What is Hawthorne's purpose in anthropomorphizing the forest in "Young Goodman Brown"?

Hawthorne gives the forest human qualities to show that everything belongs to the devil: "to thee is this world given." The forest behaves as if it is under the Dark Figure's command, just like the devil's human followers. Evil surrounds and traps Young Goodman Brown when the trees barely stand aside and then close up behind him on the path. The forest creaks, howls, and roars—echoing Brown and mocking him. The wind laughs at him. All of Nature, the worshippers, and the Dark Figure are acting in concert, revealing the devil's power and ubiquity. There is nowhere to hide and nowhere to escape when Nature itself is an extension of the devil.

When Young Goodman Brown pulls a child away from Goody Cloyse, what is the symbolic significance of his action?

Although Hawthorne doesn't make any overt claims about the coexistence of good and evil in humankind, Young Goodman Brown protects a child and tries to preserve her innocence. "Goodman Brown snatched away the child as from the grasp of the fiend himself." Perhaps our evil nature can be thwarted, delayed, or minimized if we catch it early enough in our youth. The Puritans believed people are born sinful and must be taught as children how to be faithful. The Romantics, and especially the Transcendentalists, believed children are born pure and adults who observe children closely can learn to get close to the ideal natural state. Is Brown's "rescue" of the little girl the Romantic's action in a Puritan landscape? Maybe he is symbolically rescuing innocent, childlike Faith—something he couldn't do the night before. Perhaps Brown may still do good even if he sees only evil.

How does Young Goodman Brown's view of the Indians differ from Hawthorne's?

The Dark Figure helps Young Goodman Brown see the evildoings of his fellow Puritans. Brown starts his journey worrying that there is "a devilish Indian behind every tree"—typical of Puritans who might recall being at war with the Indians and therefore dehumanize them and equate them with supernatural evil (a common tendency in times of war). Hawthorne criticizes the Puritans' bigotry through the Dark Figure, who talks about the evil acts he and the elder Browns perpetrated. Brown's own father, supposedly a man "of prayer, and good works," burned down an Indian village with the devil's help. Later Deacon Gookin says "Indian powwows ... know almost as much deviltry as the best of us," a compliment in that context. Brown observes at the meeting, "Scattered also among their pale-faced enemies were the Indian priests, or powwows, who had often scared their native forest with more hideous incantations than any known to English witchcraft." The "pale-faced" English and the "Indian priests" are equals in the devil's community. As Brown's illusions fall away he realizes it's hypocritical to think of the Indians as devilish and to think of evil existing only outside the Puritan community. Evil has been right there in front of him all his life.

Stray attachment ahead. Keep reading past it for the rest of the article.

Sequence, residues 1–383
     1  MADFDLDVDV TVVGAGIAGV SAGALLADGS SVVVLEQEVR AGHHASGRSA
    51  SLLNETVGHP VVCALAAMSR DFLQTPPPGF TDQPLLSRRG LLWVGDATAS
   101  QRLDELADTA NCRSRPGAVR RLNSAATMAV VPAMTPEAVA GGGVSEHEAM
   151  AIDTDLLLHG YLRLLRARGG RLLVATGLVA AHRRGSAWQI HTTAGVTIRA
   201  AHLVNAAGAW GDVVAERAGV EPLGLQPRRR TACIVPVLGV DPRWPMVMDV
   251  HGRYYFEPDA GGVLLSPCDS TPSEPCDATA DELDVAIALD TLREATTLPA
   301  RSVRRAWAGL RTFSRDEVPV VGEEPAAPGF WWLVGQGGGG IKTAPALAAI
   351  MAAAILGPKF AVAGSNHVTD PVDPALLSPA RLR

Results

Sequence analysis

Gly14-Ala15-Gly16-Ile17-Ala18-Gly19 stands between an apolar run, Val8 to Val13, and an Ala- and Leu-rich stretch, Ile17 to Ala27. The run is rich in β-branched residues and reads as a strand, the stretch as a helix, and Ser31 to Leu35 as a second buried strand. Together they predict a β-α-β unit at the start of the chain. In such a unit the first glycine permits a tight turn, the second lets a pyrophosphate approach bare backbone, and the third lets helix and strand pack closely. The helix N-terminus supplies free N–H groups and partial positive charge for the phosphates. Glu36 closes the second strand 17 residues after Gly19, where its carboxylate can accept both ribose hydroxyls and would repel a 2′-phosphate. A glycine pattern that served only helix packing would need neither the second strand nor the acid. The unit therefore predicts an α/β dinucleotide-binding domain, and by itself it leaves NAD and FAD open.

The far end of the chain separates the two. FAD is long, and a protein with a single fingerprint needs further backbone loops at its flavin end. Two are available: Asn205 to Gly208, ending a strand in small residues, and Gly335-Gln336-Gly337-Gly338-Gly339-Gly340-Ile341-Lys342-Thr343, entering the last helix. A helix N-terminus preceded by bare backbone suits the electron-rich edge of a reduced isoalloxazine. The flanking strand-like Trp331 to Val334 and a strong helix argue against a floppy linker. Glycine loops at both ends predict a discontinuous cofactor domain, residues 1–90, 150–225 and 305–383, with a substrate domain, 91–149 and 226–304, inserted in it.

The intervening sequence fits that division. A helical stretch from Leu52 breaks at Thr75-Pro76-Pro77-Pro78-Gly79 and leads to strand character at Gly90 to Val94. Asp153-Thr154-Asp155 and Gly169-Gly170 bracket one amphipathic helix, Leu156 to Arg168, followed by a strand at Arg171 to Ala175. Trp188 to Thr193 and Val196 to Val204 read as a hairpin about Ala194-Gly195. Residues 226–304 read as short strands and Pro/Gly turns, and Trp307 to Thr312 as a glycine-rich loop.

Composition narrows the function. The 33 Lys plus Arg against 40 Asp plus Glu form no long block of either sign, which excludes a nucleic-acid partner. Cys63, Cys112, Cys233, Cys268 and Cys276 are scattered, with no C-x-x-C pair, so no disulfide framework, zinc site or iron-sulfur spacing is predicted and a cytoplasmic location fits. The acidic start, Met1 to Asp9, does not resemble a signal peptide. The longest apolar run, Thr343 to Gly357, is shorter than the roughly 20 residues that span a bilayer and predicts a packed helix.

What, if anything, does the fictional Goody Cory have in common with the historical Martha Corey in "Young Goodman Brown"?

In the time leading up to the Salem witch trials, a spirit of accusation was in the air and petty grievances could lead to death. In the story Goody Cloyse accuses Goody Cory of stealing her broomstick, calling her "that unhanged witch." In Young Goodman Brown's perception, Goody Cory definitely is a witch. The real-life Martha Corey was accused of appearing in spirit and torturing local girls. She was the first upstanding churchwoman to be accused of witchcraft, and she professed her innocence to the end. She was convicted and hanged. Her 80-year-old husband, Giles Corey, was pressed to death (killed by a board weighed down with stones) for failing to enter a plea.

How is Hawthorne's treatment of the Puritans in The Scarlet Letter and "Young Goodman Brown" similar and different?

Both works have themes of sin. "Young Goodman Brown" is concerned more with the Puritans' fixation on Original Sin—the sin with which one is born—and the sinful nature of humankind. The Scarlet Letter deals more with the sins people commit, the guilt they feel afterward, and the ways Puritans punished others for their failings. In both works Hawthorne skewers the hypocrisy of Puritans, who escaped persecution in England only to become purveyors of cruelty and persecution themselves. They ostracize Hester Prynne, whip Quakers in the street, and set fire to Indian villages, all while preaching, praying, and otherwise keeping up the appearance of good Christians.